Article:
2  
and still is not supported by IE ;) – Sergiy Byelozyorov Aug 6 '10 at 13:26
1  
For your utility, this technique is supported by IE since the 9th version. Here's a good compatibility table: kangax.github.io/es5-compat-table – Emanuele Del Grande Feb 17 '14 at 11:39

With any javascript interpreter that implements ECMAScript 5 you can use Object.defineProperty to define readonly properties. In loose mode the interpreter will ignore a write on the property, in strict mode it will throw an exception.

Example from ejohn.org:

var obj = {};
Object.defineProperty( obj, "<yourPropertyNameHere>", {
  value: "<yourPropertyValueHere>",
  writable: false,
  enumerable: true,
  configurable: true
});
share|improve this answer
1  
Note: this is compatible with IE9+, so rather well supported today. – Benjamin Jan 31 '15 at 14:18

It is possible to have read-only properties in JavaScript which are available via getter methods. This is usually called the 'Module' pattern.

The YUI blog has a good writeup of it: http://yuiblog.com/blog/2007/06/12/module-pattern/

Snippet from the post:

YAHOO.myProject.myModule = function () {

//"private" variables:
var myPrivateVar = "I can be accessed only from within YAHOO.myProject.myModule.";

//"private" method:
var myPrivateMethod = function () {
	YAHOO.log("I can be accessed only from within YAHOO.myProject.myModule");
}

return  {
	myPublicProperty: "I'm accessible as YAHOO.myProject.myModule.myPublicProperty."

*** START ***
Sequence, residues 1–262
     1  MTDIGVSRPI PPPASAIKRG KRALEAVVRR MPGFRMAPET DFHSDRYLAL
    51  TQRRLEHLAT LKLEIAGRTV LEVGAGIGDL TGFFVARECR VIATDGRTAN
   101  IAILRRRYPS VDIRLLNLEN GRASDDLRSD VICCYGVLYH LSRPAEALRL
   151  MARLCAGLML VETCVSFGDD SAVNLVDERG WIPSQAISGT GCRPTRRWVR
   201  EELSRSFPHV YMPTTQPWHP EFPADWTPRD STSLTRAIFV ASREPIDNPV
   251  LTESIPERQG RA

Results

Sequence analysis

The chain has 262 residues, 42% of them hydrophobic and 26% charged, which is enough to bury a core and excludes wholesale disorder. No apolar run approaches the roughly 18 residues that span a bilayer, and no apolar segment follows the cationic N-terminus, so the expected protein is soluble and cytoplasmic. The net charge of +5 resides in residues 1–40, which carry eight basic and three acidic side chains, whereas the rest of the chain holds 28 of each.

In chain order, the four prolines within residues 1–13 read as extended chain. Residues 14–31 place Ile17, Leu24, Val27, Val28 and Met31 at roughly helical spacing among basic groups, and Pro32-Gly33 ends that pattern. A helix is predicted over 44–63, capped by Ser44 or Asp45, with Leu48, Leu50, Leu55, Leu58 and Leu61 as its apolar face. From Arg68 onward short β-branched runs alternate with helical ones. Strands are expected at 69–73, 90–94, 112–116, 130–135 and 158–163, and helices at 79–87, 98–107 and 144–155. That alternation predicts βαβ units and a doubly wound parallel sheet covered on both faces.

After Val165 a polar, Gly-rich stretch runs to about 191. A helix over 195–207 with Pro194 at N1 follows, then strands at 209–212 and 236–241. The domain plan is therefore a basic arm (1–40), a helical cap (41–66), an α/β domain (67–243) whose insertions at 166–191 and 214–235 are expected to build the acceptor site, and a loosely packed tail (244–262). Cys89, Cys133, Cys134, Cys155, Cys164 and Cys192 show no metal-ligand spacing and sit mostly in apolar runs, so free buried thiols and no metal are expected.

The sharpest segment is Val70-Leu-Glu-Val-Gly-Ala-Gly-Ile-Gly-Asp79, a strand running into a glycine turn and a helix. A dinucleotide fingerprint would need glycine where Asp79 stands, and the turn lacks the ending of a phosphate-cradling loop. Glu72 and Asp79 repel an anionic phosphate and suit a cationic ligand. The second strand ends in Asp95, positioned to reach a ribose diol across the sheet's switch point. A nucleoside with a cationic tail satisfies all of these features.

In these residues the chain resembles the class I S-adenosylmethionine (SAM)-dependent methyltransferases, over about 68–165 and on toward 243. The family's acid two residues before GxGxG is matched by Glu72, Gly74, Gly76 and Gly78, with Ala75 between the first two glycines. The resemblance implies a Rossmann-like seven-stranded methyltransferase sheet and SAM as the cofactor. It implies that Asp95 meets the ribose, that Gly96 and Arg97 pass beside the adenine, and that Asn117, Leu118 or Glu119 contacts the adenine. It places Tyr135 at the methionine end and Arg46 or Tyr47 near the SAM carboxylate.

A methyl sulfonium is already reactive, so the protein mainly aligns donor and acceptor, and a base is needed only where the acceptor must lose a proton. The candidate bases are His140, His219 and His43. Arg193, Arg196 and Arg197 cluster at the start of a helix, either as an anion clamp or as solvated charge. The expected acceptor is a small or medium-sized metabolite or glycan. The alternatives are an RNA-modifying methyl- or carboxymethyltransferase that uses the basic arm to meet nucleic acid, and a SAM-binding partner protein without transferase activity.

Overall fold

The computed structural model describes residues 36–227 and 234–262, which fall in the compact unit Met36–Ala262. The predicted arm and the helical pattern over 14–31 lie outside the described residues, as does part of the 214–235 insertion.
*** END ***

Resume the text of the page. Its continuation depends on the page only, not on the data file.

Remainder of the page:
myPublicMethod: function () {
		YAHOO.log("I'm accessible as YAHOO.myProject.myModule.myPublicMethod.");

		//Within myProject, I can access "private" vars and methods:
		YAHOO.log(myPrivateVar);
		YAHOO.log(myPrivateMethod());

		//The native scope of myPublicMethod is myProject; we can
		//access public members using "this":
		YAHOO.log(this.myPublicProperty);
	}
};

}(); // the parens here cause the anonymous function to execute and return
share|improve this answer

As readonly property or variable here it is.

As aidamina said, and here is a short code for testing, by the way, very usefull now that JQuery pretends deprecate the selector property.

<script>
Object.defineProperties(window, {
  "selector": { value: 'window', writable: false }
});

alert (window.selector);  // outputs window

selector ='ddd';          // testing because it belong to the global object
alert (window.selector);  // outputs window
alert (selector);         // outputs window

window.selector='abc';
alert (window.selector);   // outputs window
alert (selector);          // outputs window
</script>

So there you have a readonly property or variable tested.